Timing of Delivery

Packaged analytical solutions can provide a jumpstart to a BI project even if the long term plans call for customization. Utilizing a pre-built data model, ETL packages and/or reporting infrastructure can deliver value in weeks rather than months. If the business is desperate for analytics where they have none, then turning to a packaged solution may be the quickest way to get information into the hands of users. If time to delivery is not a major factor, then other considerations should probably drive the decision.
 

Budget Considerations

Packaged solutions usually incur greater costs up front than custom solutions, since more of the investment is made in software than implementation. Theoretically, packaged solutions should be less to maintain over the long term, but this may not always be the case. Demand for information is never static. Sometimes, it is difficult to know what the information demands will be 6 months, a year or more down the road. A package that allows for customizability and scalability will provide greater cost savings over the long term. Otherwise, the organization may find itself looking for a new solution sooner than expected if the analytic platform is not flexible enough.
 

Comprehensiveness of Needs

Packaged solutions tend to be rather comprehensive since they are designed to fulfill the most possible requirements or uses for a given subject area. When determining whether to purchase a package, one should be mindful of how thorough the organization’s needs are. For example, a packaged financial data model may contain as many as 40 fact tables and hundreds of dimensional structures. This provides a great deal of functionality and flexibility, but it can be more difficult to isolate problems when they occur. Some organizations may not require all the subject areas, aggregations and metrics that are included in the packaged application. A simpler custom solution may be more economical and maintainable.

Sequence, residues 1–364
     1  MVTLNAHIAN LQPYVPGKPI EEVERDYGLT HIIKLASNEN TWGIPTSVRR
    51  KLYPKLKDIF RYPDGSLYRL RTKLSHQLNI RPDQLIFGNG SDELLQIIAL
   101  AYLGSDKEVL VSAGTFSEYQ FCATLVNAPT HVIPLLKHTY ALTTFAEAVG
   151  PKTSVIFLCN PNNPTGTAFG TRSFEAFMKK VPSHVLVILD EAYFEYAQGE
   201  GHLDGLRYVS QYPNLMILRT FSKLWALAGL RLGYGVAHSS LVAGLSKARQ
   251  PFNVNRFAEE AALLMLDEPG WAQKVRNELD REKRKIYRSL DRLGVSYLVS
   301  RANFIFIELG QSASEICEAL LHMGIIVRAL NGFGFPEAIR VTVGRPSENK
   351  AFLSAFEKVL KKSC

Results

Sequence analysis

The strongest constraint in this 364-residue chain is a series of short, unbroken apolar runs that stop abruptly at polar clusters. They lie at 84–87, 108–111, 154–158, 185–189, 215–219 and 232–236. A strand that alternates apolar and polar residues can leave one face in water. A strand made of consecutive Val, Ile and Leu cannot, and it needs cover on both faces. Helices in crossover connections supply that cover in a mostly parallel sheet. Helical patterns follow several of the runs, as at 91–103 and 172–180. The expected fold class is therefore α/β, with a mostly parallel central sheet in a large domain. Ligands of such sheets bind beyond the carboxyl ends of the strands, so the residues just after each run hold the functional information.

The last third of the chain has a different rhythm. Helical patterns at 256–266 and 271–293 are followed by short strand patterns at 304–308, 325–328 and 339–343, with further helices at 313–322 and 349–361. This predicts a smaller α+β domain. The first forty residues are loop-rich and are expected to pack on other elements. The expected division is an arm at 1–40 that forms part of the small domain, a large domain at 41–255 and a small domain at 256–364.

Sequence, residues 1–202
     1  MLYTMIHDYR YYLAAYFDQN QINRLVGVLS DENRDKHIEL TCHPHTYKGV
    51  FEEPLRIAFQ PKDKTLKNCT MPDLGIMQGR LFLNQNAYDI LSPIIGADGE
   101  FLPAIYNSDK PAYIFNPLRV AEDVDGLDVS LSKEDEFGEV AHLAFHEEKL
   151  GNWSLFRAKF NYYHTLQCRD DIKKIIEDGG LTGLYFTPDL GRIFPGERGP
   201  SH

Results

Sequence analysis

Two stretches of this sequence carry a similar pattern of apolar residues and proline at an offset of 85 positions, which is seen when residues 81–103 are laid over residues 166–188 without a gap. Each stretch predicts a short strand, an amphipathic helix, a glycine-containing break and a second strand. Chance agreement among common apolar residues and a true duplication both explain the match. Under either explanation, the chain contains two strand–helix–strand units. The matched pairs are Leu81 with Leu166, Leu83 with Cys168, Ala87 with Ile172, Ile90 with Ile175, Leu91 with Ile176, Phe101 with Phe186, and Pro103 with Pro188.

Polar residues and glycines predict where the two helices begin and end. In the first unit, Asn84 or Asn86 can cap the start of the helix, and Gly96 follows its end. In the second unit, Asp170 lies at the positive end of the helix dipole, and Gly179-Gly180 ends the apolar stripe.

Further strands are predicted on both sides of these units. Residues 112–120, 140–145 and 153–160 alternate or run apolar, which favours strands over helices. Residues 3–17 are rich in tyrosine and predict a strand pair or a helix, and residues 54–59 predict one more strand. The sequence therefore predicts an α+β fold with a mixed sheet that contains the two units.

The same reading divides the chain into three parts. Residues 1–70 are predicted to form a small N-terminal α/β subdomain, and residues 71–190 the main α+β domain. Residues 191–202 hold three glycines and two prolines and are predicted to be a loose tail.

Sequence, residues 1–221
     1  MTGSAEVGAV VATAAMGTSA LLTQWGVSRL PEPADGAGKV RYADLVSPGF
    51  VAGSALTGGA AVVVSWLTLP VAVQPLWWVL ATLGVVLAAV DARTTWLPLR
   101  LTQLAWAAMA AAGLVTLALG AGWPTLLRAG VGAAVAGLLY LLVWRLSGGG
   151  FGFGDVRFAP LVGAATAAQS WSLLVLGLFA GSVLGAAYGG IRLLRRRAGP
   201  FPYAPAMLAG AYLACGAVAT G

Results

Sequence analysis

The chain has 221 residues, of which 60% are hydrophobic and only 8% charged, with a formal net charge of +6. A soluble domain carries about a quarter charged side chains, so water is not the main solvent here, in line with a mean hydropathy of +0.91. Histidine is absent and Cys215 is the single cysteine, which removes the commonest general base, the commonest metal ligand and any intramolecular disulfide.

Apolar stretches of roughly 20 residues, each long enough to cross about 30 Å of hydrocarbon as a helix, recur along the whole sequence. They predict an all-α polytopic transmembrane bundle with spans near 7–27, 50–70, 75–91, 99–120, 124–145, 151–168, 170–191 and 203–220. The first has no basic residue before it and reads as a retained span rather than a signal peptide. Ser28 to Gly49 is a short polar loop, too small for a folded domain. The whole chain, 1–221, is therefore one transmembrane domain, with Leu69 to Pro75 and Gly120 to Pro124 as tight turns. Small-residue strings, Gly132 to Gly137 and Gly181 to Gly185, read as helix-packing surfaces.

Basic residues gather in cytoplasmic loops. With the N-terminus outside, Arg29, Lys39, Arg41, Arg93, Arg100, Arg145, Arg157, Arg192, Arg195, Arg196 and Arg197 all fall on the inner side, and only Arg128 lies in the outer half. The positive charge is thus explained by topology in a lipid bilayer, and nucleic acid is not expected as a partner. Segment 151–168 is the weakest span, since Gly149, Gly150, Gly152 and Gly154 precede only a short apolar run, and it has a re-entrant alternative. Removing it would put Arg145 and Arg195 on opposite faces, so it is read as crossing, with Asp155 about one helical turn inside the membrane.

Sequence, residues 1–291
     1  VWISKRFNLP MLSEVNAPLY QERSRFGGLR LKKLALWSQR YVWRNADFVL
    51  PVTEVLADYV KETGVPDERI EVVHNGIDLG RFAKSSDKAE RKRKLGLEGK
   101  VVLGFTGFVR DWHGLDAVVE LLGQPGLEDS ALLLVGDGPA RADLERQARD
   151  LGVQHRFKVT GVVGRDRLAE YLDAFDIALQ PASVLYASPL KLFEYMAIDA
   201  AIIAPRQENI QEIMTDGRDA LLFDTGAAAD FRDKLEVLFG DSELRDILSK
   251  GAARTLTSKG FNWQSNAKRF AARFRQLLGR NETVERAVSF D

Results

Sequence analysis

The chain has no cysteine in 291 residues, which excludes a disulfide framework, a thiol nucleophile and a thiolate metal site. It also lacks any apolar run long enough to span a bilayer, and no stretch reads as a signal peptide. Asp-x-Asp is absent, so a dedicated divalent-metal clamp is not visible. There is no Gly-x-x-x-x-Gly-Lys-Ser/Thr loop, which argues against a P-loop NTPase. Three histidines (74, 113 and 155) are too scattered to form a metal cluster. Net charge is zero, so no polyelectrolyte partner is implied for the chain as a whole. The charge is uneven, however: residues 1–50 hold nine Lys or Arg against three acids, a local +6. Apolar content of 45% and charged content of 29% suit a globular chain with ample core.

Business Ability to Adapt

Perhaps, the single most important factor is the business’s ability to adapt to standardization that a packaged solution provides. A business community that has historically demanded and received custom applications may challenge the package environment’s suitability to their business intelligence needs. This could be due to the function of the user group. For example, marketing processes tend to be less standardized across industries than accounting or financial activities. Another reason may be the industry itself. While manufacturers or retailers may have functions that are very similar to other organizations in their line of business, many service organizations’ business processes vary substantially. It is important to understand the business requirements and include the business community in the decision-making process.

While one factor may be the primary concern that ultimately drives the decision-making process, we must be careful not to overlook other considerations. As the business will change, so will requirements. Mergers or acquisitions and new products or executives can lead to substantial changes in the business needs for information. The best solution is one that provides the greatest flexibility at the lowest total cost of ownership (TCO). No matter which direction is chosen, some compromise will be required. When all the factors are assessed, the solution that best fits the organization usually becomes apparent.